Special Libraries, Information Fluency, & Post-Truth

Lots of librarians are communicating online about providing resources and information in these fraught times. Some are creating displays and programs to support diverse populations. Others are crafting statements of support and/or opposition. More practically, some are stocking their reference desks with safety pins and extra scarves (to be used by women who have had their hijab snatched off).

But these activities are more useful, perhaps, in public or academic libraries.

In the past few days, "fake" news and propaganda has been receiving a lot of attention. (Hear a rundown from On The Media  - clearly a very liberal news source but transparent about it). As noted on this blog, it is not really possible to insist that our patrons/customers/users use only our licensed sources. To be quite honest, even if we could, that alone isn't enough to ensure they are getting the best information. We think that because our people all have at least college degrees that they are experts on or at least competent in critical thinking.

I think, though, that the media environment isn't what it was when many of them were in school. We take the click bait and we see headlines repeated so often on Facebook that maybe we start to believe?

So, now, how do special libraries train and support their organizations in the post-truth world? I have been asked and have accordingly scheduled training that discusses critically evaluating resources; however, that is NOT at all attractive to busy professionals. The only training I offer that is well-attended is problem oriented and is explicitly related to doing the scientific and technical work (no surprise here to my library school professors!). Otherwise, short on-point training at the point of need is also well-accepted.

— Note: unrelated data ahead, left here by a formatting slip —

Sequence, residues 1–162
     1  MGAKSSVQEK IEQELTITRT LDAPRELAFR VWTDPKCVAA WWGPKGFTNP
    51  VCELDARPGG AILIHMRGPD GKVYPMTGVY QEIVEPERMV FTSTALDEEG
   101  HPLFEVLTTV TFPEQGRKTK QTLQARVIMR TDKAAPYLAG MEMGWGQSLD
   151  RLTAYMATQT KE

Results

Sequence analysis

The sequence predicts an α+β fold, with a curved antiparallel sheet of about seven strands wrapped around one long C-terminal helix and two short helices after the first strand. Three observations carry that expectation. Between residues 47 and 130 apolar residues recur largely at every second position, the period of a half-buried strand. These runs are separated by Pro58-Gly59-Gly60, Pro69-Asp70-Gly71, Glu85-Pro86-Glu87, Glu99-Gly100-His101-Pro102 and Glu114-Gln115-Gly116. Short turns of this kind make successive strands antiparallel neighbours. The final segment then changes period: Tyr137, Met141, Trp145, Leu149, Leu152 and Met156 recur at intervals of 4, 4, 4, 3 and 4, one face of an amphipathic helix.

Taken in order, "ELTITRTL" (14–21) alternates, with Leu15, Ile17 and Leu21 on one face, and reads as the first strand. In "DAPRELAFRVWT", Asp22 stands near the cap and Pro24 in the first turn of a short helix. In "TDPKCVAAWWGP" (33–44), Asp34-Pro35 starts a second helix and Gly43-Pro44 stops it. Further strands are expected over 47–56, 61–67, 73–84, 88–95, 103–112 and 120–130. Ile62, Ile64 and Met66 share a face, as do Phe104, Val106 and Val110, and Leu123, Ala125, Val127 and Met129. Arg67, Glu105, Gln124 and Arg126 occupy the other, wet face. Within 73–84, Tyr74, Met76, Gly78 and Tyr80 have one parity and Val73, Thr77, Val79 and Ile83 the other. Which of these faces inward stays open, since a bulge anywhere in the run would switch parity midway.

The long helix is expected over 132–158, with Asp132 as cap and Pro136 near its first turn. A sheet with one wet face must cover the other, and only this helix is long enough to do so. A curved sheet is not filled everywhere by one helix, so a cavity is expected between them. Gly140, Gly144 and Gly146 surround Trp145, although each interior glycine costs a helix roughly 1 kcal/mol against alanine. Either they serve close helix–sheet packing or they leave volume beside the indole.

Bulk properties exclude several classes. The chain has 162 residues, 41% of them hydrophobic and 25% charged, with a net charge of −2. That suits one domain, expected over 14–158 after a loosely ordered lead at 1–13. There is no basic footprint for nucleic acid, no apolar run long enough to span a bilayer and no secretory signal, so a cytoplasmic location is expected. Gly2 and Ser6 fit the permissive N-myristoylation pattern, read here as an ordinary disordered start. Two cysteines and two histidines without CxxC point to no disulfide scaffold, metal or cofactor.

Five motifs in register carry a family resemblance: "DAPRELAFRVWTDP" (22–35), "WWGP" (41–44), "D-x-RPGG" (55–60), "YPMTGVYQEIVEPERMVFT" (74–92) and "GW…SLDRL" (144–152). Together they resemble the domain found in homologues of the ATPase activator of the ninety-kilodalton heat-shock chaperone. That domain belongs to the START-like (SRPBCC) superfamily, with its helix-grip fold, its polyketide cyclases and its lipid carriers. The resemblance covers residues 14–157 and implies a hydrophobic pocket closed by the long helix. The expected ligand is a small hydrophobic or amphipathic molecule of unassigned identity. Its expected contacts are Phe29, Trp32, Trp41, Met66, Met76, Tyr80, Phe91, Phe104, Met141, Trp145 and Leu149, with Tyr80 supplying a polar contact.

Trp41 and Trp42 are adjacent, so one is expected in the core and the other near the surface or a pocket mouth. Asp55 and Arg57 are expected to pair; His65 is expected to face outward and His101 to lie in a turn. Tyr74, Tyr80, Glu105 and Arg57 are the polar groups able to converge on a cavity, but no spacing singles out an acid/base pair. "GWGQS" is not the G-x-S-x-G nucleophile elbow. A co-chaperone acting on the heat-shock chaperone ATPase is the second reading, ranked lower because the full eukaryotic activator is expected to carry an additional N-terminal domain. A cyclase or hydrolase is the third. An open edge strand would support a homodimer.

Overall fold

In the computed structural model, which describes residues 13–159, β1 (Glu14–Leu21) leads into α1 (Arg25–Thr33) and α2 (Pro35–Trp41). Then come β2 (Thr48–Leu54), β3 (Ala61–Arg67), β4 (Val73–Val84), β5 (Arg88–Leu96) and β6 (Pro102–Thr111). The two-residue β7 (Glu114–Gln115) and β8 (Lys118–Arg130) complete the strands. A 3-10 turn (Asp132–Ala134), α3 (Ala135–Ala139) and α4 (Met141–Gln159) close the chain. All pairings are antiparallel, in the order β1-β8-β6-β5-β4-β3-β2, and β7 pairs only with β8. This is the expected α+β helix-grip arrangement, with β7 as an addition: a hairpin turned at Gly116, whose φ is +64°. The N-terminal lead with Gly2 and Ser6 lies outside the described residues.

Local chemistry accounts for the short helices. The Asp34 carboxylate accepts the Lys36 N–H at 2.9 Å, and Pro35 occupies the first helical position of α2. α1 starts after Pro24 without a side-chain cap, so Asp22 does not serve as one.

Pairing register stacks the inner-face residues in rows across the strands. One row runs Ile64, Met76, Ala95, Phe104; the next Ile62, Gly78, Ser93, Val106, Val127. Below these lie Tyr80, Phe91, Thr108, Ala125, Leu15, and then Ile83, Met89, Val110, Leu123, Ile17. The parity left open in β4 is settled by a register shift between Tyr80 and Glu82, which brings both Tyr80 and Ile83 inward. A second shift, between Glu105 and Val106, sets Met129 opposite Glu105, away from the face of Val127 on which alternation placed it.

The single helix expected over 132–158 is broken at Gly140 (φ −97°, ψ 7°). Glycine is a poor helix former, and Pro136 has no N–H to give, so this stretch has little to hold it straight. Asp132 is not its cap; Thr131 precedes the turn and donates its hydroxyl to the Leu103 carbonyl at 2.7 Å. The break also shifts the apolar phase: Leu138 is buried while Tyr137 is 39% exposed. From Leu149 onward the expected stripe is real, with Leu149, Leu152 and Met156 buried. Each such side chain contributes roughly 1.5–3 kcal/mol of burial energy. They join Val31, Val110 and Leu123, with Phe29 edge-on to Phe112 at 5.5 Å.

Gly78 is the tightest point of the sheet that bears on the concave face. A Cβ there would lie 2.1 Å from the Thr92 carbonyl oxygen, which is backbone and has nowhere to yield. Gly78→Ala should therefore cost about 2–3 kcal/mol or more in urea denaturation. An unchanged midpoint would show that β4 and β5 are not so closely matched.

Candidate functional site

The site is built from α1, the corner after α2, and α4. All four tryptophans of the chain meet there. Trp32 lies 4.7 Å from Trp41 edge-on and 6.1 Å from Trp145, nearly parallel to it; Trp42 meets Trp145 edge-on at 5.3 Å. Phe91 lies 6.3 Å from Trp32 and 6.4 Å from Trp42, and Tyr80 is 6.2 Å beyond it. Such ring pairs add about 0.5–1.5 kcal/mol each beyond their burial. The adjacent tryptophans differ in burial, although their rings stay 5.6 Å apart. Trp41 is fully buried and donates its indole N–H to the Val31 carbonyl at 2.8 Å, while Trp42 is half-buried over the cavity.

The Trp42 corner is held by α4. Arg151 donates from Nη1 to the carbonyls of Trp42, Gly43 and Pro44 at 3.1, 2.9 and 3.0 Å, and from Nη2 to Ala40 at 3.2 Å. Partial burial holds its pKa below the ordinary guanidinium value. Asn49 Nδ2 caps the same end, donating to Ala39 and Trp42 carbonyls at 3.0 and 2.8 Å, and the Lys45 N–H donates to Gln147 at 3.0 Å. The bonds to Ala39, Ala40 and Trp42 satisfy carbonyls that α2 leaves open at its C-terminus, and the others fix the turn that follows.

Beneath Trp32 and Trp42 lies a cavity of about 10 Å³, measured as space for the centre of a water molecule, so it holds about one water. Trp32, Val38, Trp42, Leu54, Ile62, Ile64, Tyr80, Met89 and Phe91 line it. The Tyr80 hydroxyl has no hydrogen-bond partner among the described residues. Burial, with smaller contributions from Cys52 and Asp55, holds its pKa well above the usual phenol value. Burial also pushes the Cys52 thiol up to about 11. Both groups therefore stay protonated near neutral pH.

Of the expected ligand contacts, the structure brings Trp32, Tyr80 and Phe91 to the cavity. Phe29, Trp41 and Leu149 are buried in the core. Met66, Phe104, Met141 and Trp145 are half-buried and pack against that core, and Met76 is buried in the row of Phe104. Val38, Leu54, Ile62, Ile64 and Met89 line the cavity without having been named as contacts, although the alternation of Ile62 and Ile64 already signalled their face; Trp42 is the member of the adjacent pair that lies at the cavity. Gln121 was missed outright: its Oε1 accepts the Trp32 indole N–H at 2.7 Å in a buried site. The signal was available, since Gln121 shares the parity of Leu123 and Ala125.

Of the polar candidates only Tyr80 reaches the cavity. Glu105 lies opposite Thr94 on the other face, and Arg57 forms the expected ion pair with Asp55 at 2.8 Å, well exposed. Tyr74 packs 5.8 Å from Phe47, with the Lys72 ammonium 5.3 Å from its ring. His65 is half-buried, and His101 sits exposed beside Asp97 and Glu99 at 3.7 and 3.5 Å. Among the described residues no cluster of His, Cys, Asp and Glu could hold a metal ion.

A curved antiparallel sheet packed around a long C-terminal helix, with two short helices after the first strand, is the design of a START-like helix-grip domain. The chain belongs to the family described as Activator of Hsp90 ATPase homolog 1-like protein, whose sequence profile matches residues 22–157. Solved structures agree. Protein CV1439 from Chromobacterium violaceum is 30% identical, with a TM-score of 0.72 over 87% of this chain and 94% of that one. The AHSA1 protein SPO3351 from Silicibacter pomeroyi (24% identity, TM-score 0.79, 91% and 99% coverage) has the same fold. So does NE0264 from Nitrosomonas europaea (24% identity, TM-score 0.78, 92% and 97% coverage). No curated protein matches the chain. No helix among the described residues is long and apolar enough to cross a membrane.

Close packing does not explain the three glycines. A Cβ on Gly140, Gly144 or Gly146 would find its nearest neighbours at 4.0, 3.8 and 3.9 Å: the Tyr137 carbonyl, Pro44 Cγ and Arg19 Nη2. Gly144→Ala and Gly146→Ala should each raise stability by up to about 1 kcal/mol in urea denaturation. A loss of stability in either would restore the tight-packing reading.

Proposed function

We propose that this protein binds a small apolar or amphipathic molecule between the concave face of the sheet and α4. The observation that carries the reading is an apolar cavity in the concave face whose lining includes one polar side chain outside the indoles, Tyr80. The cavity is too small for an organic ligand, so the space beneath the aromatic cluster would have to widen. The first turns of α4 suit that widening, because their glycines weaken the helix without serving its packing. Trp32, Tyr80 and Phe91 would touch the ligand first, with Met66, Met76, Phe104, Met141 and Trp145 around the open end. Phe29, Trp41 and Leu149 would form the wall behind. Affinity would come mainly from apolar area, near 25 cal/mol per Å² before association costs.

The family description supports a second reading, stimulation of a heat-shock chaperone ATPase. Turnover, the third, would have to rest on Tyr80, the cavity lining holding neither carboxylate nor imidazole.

Integrate aspects of critical thinking and evaluating resources into every bit of training you do. If your user base can qualify for a free web account for the Washington Post (.gov, .mil, & .edu), make that information available even if you provide access through another source.  Do show finding news information in other topical sessions. For example, a session on aerospace engineering could cover things like society news sources and Aviation Week.

If your organization has an internal newsletter and or social media site, link early and often to reputable sources.

Are you integrated into strategic processes (never as much as you would like, I know!)? What information is your leadership getting and from where? The very highest levels of your organization won't typically attend your classes - can you brief their assistants? Can you make this information available to their mobile devices?

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